Walter Rabl

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Walter Rabl (30 November 1873 in Vienna – 11 July 1940 in Klopein, Klopeiner See/Carinthia) was a Viennese composer, conductor, and teacher of vocal music. Largely forgotten today, Rabl left only a small number of works, all of them early ones, from the twilight of the Romantic era. At the age of 30 he stopped composing entirely and devoted himself to conducting and vocal coaching the rest of his life. Rabl is a member of the prominent Rabl family.


Walter Rabl was born in Vienna and as a child became an excellent pianist. He attended the Institut Le Rosey, a boarding school in Rolle, Switzerland. He went to Salzburg and there studied music theory and composition with J. F. Hummel, director of the Mozarteum. He graduated with honours from the Kaiserlich und Königlich Staatsgymnasium (Royal and Imperial State School) in Salzburg in 1892.

Rabl returned to Vienna to study with Karl Navratil (1836-1914) and then enrolled in the doctoral program at the German University in Prague as a student of the musicologist Guido Adler. At 25, he completed his doctorate and soon after accepted a position at the Royal Opera of Dresden as coach and chorus master.

Beginning in 1903 Rabl conducted throughout Germany and championed works by progressive composers such as Gustav Mahler, Karl Goldmark, Franz Schreker, Erich Korngold, and Richard Strauss. In 1905, Rabl married the soprano Hermine von Kriesten and conducted her in major Wagnerian roles such as Brünnhilde and Elektra.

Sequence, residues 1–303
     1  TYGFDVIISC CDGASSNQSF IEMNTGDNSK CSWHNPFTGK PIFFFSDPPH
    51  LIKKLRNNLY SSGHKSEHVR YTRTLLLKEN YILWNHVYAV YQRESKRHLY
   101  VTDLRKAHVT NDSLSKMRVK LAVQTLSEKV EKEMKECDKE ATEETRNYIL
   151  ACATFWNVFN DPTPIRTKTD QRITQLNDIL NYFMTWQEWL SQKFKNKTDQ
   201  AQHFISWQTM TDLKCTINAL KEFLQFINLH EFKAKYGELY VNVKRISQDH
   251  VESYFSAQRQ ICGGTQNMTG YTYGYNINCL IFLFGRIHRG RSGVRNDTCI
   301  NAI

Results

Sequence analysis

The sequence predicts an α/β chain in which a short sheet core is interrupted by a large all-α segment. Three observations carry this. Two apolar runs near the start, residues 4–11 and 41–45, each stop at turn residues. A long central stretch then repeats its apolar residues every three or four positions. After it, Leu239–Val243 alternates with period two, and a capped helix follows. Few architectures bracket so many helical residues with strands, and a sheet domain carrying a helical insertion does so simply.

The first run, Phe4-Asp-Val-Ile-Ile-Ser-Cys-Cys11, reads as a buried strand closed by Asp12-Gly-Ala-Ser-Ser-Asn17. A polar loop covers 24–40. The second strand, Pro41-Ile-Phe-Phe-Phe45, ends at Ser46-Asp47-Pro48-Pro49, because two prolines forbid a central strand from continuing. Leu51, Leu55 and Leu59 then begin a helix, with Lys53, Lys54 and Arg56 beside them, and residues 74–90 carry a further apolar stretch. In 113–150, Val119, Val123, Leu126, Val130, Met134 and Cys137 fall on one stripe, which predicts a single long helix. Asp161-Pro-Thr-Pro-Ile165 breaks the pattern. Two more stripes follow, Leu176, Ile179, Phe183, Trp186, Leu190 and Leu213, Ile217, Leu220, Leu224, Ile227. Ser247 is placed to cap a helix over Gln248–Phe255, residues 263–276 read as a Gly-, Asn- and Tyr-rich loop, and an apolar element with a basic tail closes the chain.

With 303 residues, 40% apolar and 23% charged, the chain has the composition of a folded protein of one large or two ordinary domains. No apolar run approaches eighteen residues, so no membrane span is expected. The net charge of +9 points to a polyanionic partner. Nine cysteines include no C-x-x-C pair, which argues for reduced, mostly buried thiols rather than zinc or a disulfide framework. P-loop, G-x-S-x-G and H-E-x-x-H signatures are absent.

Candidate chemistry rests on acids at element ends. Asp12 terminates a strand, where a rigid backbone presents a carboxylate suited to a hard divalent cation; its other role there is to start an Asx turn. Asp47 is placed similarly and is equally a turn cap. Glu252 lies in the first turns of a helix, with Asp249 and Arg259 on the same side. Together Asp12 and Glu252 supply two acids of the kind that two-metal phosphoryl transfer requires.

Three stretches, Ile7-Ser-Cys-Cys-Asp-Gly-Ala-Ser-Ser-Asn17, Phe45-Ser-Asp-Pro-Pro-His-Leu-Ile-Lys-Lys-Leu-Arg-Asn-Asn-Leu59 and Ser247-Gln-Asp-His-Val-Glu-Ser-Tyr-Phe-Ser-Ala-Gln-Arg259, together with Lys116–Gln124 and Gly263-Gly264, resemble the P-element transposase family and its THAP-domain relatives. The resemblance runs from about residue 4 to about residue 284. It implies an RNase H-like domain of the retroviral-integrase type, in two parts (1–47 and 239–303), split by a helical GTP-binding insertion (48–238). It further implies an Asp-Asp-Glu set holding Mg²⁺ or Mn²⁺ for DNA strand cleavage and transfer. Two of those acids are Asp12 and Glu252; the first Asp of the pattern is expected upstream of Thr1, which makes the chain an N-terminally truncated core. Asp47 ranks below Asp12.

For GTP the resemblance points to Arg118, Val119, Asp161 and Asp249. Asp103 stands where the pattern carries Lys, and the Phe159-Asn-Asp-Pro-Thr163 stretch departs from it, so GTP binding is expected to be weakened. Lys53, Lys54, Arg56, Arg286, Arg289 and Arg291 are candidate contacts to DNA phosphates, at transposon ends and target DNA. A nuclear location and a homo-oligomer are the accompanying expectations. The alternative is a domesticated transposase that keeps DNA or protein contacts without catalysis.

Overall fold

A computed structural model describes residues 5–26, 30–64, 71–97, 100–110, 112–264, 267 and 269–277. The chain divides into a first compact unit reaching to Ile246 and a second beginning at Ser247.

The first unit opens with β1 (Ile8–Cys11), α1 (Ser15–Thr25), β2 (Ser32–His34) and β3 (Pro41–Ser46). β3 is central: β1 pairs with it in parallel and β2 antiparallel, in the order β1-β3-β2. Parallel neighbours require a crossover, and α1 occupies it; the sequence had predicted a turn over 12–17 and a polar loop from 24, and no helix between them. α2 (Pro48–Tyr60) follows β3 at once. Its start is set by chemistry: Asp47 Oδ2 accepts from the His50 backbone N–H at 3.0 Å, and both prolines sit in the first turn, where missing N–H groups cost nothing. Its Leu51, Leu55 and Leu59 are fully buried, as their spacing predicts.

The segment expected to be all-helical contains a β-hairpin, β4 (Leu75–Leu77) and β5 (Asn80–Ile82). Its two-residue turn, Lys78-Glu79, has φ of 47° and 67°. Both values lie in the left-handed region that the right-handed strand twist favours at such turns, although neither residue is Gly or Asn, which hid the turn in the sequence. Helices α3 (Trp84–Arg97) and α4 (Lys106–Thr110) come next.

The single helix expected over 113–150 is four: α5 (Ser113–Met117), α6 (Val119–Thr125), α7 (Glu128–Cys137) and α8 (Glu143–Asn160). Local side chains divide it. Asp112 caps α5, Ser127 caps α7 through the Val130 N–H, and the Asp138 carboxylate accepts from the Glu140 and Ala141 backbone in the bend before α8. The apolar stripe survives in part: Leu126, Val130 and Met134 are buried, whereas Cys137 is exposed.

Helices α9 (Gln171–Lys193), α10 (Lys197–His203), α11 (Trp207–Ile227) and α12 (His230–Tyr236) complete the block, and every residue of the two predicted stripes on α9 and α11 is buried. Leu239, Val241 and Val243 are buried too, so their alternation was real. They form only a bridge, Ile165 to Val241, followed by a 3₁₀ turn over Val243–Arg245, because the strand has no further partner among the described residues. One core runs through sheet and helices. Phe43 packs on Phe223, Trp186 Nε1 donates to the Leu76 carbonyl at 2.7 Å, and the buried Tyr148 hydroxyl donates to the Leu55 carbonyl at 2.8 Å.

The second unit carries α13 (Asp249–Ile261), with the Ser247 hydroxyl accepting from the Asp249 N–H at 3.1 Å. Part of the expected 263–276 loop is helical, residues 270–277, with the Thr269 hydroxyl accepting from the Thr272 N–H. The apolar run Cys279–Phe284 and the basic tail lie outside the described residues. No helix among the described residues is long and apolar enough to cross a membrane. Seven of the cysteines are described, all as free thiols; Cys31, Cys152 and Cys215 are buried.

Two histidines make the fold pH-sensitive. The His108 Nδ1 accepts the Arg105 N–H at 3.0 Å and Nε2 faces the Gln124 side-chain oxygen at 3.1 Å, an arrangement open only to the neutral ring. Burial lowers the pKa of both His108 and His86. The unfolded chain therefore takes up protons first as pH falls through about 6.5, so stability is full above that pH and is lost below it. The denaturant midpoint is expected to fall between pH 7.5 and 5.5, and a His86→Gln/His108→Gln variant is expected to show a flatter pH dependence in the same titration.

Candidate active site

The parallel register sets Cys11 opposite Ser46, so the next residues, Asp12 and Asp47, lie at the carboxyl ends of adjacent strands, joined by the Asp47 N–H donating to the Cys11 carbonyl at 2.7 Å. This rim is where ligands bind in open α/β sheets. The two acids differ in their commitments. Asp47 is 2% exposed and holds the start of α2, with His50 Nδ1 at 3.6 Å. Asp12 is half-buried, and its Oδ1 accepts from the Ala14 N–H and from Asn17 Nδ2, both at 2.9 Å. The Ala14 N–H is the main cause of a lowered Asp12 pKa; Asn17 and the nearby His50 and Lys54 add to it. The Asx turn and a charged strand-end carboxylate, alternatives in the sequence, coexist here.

After his retirement from conducting in 1924, he continued to use his impressive piano skills in accompanying and coaching many notable singers.

Rabl is a relative of Carl and Rudolf Rabl.

Chamber music[edit]

Rabl’s Quartet in E-Flat Major for Clarinet, Violin, Cello, and Piano, Op. 1 won first prize in 1896 in a prestigious competition for young composers sponsored by the Vienna Tonkünstlerverein (Musicians’ Society) of which Johannes Brahms was honorary president and a judge of the competition. Brahms recommended the piece to his own publisher, Simrock, who released it the following year along with three other Rabl works: the Fantasy Pieces for Piano Trio, Op. 2, and two sets of Four Songs, Op. 3 and Op. 4. The Op. 1 quartet appears to be the first work ever written for that combination, which was later more famously used by Messiaen in his Quatuor pour la fin du temps ("Quartet for the end of time"), composed in 1941. The parts to the Op.1 Quartet were reprinted by Edition Silvertrust in 2007.

In 1899, Simrock published four additional pieces by Rabl: Four Songs, Op. 5; the Violin Sonata, Op. 6; Three Songs, Op. 7; and the Symphony, Op. 8.

His next series of compositions, Opp. 9–15, consisted entirely of songs. They were published in Leipzig by the house founded by Daniel Rahter (D. Rahter).[1]


Most of Rabl's work was in the tradition of Brahms and Robert Schumann. But his opera, Liane (1903) based on a romantic fairy tale took a different turn, a turn in the direction of Richard Wagner. Although the reception of the opera was highly favorable, Liane was Rabl’s last work.[2]

Discography and Works[edit]

  • Twilight of the Romantics: Chamber Music by Walter Rabl and Josef Labor. Played by the Orion Ensemble. Released in 2006 by Cedille Records (CDR 90000 088).
  • Quartet for Violin, Cello, Clarinet and Piano, Op. 1 (together with chamber music by Brahms and Zemlinsky). Played by the Ensemble Kontraste. Released in 1993 by Thorofon (THO 2368).
  • Fantasiestücke for Piano trio op. 2
  • Sonata for Violin and Piano in D major op. 6


  • Twilight of the Romantics, Program notes by Bonnie Campbell
  • Strauss, John F. (ed.) (1996), "Walter Rabl: Complete instrumental chamber works". Madison, Wisconsin: A-R Editions. ISBN 9780895793324.


  1. ^ the later songs were generally published after the premiere of the opera, generally around 1905; see e.g. a 1905 notice of publication of the Op.13 set of songs.
  2. ^ Strauss, pp.viii-ix.

External links[edit]